Swine Flu Mutated Strain?

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  1. Anna Erwin profile image53
    Anna Erwinposted 8 years ago

    So, swine flu vaccine isn't working anymore huh?  Doesn't surprise me. 

    It's been common knowledge that cold and flu mutate when vaccines are introduced and the virus mutates so that it can survive.

    Inevitably, as the history of flu and viruses has already told us.  We create stronger viruses.  Most people have come to accept this and many optioned to not get the flu vaccine and especially not the swine flu vaccine.

    Today, the headline reads, "Swine Flu mutation, more powerful than before'.

    The government used fear to get people to take the vaccine.  They implored you that it is better than you get vaccinated especially older folks, young children and pregnant women.

    What do you suspect they will do know?

  2. Susana S profile image96
    Susana Sposted 8 years ago

    I saw this news article too, but it wasn't saying that the vaccine wasn't working. The report I saw said that a variant that was resistant to tamiflu 9anit viral medication) had been discovered in a UK hospital. It is a worry, but if I hadn't had the swine flu already I'd be thinking more seriously about getting the vaccine!

    I'm not sure about your assertion that viruses mutate when vaccines are introduced - the flu virus is definitely a slippery customer, but other viruses that cause small pox or measles for instance, don't seem to have mutated. Vaccination has enabled a great reduction in people catching these viruses.

    1. Anna Erwin profile image53
      Anna Erwinposted 8 years agoin reply to this

      I think isolation was the ticket when it came to things like small pox and stuff.  As for the vaccine not working.  What I meant was, it wont work on the other stain.

      If the other strain become dominate, what point is there in getting the h1n1? You can still get sick with swine flue.

      Sorta like, chicken pox.  You can still get the chicken pox after you have been vaccinated and even if you have had it but it comes in the form of Shingles.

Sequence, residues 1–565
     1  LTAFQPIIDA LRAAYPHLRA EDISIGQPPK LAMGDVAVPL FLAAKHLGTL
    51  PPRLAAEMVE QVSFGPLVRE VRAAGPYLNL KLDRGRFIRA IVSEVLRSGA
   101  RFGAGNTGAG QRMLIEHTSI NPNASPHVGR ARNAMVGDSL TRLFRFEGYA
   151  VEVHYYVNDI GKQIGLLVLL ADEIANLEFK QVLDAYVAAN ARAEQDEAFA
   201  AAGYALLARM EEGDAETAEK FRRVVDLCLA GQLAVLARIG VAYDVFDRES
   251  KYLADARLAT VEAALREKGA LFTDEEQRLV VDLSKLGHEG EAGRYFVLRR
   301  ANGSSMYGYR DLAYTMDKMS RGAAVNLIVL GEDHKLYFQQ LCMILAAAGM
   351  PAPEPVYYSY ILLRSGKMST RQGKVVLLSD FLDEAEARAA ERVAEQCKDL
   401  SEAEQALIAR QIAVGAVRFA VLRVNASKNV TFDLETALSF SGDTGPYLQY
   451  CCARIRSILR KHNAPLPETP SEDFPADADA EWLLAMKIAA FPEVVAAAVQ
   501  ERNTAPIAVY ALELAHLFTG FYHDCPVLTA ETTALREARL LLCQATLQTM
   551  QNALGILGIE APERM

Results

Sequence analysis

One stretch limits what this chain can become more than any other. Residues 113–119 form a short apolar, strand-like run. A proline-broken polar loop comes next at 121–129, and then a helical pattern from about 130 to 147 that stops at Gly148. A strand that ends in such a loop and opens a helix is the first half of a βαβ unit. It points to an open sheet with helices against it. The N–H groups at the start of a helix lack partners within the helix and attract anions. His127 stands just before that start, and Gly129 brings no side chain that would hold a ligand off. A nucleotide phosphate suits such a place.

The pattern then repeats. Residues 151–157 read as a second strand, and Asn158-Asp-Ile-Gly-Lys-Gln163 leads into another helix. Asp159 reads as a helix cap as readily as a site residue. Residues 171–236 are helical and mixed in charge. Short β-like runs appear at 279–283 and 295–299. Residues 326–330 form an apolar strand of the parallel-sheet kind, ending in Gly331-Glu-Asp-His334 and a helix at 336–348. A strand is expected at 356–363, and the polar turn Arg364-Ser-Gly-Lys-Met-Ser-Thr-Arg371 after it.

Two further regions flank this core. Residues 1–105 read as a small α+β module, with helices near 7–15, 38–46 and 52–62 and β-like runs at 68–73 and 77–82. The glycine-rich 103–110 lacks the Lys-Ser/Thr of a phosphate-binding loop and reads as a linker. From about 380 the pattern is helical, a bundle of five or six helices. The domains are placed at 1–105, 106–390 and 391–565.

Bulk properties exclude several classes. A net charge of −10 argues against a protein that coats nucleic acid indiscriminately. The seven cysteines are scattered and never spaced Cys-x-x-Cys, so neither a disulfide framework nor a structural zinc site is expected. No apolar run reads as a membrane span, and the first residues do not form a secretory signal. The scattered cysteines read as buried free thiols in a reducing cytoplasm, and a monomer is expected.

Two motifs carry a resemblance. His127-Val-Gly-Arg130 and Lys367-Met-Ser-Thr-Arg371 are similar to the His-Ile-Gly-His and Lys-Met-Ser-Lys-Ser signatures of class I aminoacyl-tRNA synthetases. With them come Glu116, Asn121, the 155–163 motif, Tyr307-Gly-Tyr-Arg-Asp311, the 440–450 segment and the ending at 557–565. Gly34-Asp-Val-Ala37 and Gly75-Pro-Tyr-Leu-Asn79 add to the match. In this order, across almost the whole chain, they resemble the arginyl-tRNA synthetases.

1. Susana S profile image96
        Susana Sposted 8 years agoin reply to this

        Yes, I get what you mean. If the virus has mutated too much the existing vaccine won't work. Also, if it changes a lot I could get the flu again - oh no!

        It does worry me though that this flu virus will become deadly like the spanish flu and if it does I think people will be queuing up for the vaccine, as long as it's still effective anyway.

        1. profile image0
          sandra rinckposted 8 years agoin reply to this

          It's me Anna.  I worry about that too.  I think it was the point about vaccines. 

          You said

          In the OP, hasn't history taught us anything. Eventually, with the same mentality, there really will be an unstoppable flu.

  3. Susana S profile image96
    Susana Sposted 8 years ago

    It may be here already - hadn't heard about this but just came across it:

    http://www.dailymail.co.uk/news/worldne … eople.html

    I'm not big on vaccines, but I'm happy to have one for something life threatening.

    Also, we already have had unstoppable diseases like the plague, polio, small pox and the spanish flu...they often run their course and burn out, but at a huge cost.

  4. Blogging Erika profile image78
    Blogging Erikaposted 8 years ago

    Just because the virus mutated into a new strain, that doesn't mean the vaccine won't still be effective against the old one.  That original strain is still chugging along, making people very sick, and the vaccine will keep you from getting it.

    My friend's three year old son (who was healthy - i.e. not asthmatic or immunocompromised) had to be rushed to the ER on his 3rd day of swine flu.  They had to admit him, and he spent two days in the hospital.  He's lucky to still be alive.  Scary stuff!

  5. kysnoopyq42 profile image61
    kysnoopyq42posted 8 years ago

    There's probably several strains of it already floating around, that's probably why it makes some people sicker than others. (Just my take on it) and it's very rough on the little one's from what I've been hearing.

    I got the vaccine, as did my daughter. I only pray that it doesn't mutate even more than what's it's been doing.

    Last year when I was pregnant with my daughter I got the flu shot and still got the flu type A. My daughter and I both got it as a matter of fact when she was only 3 months old.

    Who knows what's going to happen with this h1n1 virus. It is scary stuff, indeed.

 
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